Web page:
Britain move up to silver after Olympic cross-country at Greenwich

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Storming cross-country performances by Britain’s event riders have pulled them up into silver medal position overnight at the London Olympic Games.

The team has an aggregate score of 130.2, while Germany still leads on 124.7. The Swedes are only a fraction behind in third on 131.4 — and the Kiwis have moved up into fourth on 133.4.

All five British riders jumped clear round a track that caused many more problems than anticipated. Nicola Wilson (Opposition Buzz), Tina Cook (Miners Frolic) and Zara Phillips (High Kingdom) all made the time, while Mary King collected less than two time-faults on the big, strong Imperial Cavalier.

Only William Fox-Pitt had a slightly disappointing day, judged by his very high standards, picking up 9.2 time-penalties on a tiring Lionheart.

“He just hit the wall — I’ve never had to kick him before,” said William.

Tina Cook is the best placed Brit in fifth, and Mary is 0.1pen behind her in sixth on scores of 42 and 42.1. Zara is equal 10th, Nicola Wilson 20th and William Fox-Pitt is 21st.

Germany’s Ingrid Klimke (Butts Abraxxas) and Sweden’s Sara Algotsson Ostholt (Wega) share the lead on their dressage score of 39.3.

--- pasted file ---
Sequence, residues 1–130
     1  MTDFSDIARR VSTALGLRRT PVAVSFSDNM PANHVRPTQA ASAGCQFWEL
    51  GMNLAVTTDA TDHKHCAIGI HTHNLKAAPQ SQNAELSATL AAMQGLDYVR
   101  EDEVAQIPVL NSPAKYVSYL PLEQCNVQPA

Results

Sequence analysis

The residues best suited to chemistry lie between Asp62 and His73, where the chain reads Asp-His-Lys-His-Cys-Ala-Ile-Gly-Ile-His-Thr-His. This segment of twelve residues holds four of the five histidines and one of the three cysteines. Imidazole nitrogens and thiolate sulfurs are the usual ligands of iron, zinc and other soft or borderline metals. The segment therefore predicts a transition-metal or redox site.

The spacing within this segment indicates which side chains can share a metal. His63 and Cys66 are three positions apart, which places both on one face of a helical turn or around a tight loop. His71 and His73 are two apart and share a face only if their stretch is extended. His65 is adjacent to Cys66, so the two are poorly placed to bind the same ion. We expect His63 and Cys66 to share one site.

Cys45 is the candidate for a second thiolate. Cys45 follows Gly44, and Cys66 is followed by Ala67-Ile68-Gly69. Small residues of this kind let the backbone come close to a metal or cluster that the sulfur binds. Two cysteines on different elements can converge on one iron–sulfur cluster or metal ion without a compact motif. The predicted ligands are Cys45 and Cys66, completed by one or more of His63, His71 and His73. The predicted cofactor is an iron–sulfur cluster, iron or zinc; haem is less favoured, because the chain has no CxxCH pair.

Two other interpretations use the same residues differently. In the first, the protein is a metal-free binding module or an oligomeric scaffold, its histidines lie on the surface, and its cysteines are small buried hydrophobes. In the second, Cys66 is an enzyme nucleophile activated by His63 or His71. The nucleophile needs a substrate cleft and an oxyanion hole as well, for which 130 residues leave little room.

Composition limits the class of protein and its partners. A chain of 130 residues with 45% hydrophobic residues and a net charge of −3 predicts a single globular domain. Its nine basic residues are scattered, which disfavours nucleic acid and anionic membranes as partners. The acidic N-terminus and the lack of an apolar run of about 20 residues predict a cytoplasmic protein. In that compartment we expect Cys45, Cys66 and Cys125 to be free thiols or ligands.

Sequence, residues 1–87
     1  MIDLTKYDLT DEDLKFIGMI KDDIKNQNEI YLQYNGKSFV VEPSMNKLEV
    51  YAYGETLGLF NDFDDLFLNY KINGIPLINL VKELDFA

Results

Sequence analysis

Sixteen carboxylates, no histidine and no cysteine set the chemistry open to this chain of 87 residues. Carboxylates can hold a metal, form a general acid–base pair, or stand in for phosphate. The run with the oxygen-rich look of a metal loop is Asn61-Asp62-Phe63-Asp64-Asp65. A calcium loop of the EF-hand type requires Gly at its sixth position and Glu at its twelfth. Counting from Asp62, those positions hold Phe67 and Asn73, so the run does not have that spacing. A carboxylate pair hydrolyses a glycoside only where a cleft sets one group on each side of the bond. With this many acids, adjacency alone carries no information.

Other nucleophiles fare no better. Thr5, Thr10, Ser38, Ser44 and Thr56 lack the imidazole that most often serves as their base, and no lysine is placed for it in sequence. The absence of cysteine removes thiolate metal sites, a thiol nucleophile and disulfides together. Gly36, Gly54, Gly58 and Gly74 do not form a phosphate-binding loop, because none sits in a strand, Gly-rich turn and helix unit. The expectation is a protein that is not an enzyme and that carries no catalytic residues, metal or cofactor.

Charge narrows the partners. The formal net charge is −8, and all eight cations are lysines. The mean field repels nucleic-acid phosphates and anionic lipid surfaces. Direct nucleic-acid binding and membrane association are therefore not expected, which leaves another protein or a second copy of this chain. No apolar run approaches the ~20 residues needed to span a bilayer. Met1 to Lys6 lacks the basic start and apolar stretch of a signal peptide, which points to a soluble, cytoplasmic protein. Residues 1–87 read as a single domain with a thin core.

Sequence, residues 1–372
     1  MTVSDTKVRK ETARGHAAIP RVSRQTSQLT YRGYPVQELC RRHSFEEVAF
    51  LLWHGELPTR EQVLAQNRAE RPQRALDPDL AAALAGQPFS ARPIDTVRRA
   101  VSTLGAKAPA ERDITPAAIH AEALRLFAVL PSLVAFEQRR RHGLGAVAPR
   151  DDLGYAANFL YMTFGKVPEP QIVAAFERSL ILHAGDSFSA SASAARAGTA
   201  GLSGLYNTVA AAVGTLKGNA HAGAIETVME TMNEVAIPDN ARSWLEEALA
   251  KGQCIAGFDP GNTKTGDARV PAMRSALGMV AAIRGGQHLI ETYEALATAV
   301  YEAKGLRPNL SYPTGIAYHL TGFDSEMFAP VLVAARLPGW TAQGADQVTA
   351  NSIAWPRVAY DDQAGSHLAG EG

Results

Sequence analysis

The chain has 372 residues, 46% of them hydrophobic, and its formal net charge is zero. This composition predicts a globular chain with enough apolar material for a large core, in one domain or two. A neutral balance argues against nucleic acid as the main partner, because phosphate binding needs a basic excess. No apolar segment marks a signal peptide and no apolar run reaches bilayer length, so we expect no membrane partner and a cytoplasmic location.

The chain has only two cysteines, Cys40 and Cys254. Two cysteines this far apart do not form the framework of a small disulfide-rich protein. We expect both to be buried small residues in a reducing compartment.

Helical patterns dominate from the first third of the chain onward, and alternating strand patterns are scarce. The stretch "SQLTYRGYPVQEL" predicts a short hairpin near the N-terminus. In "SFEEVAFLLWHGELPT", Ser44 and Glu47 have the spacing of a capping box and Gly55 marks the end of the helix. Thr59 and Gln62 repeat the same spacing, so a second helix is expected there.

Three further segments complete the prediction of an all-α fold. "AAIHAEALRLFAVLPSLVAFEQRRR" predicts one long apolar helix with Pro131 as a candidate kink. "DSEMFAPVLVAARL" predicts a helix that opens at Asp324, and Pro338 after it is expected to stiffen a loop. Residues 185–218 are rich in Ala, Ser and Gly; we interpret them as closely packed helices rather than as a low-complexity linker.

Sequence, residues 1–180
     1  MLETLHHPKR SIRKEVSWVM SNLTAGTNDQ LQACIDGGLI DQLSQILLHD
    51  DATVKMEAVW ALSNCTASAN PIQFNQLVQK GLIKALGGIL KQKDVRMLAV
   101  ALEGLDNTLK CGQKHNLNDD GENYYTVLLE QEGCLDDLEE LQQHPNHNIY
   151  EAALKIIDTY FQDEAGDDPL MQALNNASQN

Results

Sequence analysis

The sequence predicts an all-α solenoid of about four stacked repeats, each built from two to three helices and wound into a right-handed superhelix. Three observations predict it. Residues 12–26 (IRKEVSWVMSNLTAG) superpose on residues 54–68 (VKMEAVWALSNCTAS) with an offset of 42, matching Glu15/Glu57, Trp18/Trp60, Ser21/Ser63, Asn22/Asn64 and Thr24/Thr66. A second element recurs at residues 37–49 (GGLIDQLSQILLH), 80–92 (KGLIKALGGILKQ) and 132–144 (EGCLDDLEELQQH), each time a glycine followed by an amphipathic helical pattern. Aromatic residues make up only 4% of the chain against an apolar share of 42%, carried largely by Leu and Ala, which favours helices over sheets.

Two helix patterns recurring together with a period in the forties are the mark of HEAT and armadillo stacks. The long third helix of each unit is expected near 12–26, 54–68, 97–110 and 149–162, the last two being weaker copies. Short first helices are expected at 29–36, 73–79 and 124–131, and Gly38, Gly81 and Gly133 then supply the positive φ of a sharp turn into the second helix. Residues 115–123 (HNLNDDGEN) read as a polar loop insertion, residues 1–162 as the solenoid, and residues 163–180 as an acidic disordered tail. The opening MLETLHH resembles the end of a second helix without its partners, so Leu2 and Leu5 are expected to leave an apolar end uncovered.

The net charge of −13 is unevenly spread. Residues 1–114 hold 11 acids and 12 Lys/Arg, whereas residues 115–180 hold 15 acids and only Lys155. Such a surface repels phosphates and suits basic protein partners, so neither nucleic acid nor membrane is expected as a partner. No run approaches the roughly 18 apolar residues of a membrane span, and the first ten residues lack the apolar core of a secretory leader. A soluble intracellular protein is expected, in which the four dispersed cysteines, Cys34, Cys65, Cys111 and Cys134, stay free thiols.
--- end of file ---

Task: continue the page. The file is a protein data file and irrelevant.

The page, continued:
“I am very surprised to get the time,” said an elated Sara. “We were half a minute down at fence six, but made it up later. I’ve been working very hard on her fitness with this event in mind since February.”

Wega — like High Kingdom — lost both front shoes round the tight and twisty track. Lots of horses slipped on the bends, including Australia’s Happy Times, who decanted Sam Griffiths.

Mark Todd stays in third for New Zealand — his one second over the time kept him off the top spot on Campino.

And Germany’s Michael Jung and Sam, the current world and European champions, have vaulted up the leaderboard from 11th to fourth, staying on their dressage score of 40.6.

The 21-year-old British-based Swedish rider Ludvig Svennerstal is in seventh behind the British ladies, while German Sandra Auffarth is eighth.

Andrew Nicholson found the time easy to get on Nereo for ninth, up from 24th after dressage.

And Australia’s Christopher Burton shares 10th place with Zara Phillips. Both riders could lay claim to the rounds of the day.

So just seven marks — less than two fences — separate the top 10. Tomorrow’s showjumping will be a nail-biting affair.

Don’t miss H&H’s full report of the Olympic eventing, in the issue on sale FRIDAY 3 August – 23-page special report, with comments from Ruth Edge, Pippa Funnell and Mark Phillips, pictures of every cross-country fence, stunning photos and full analysis.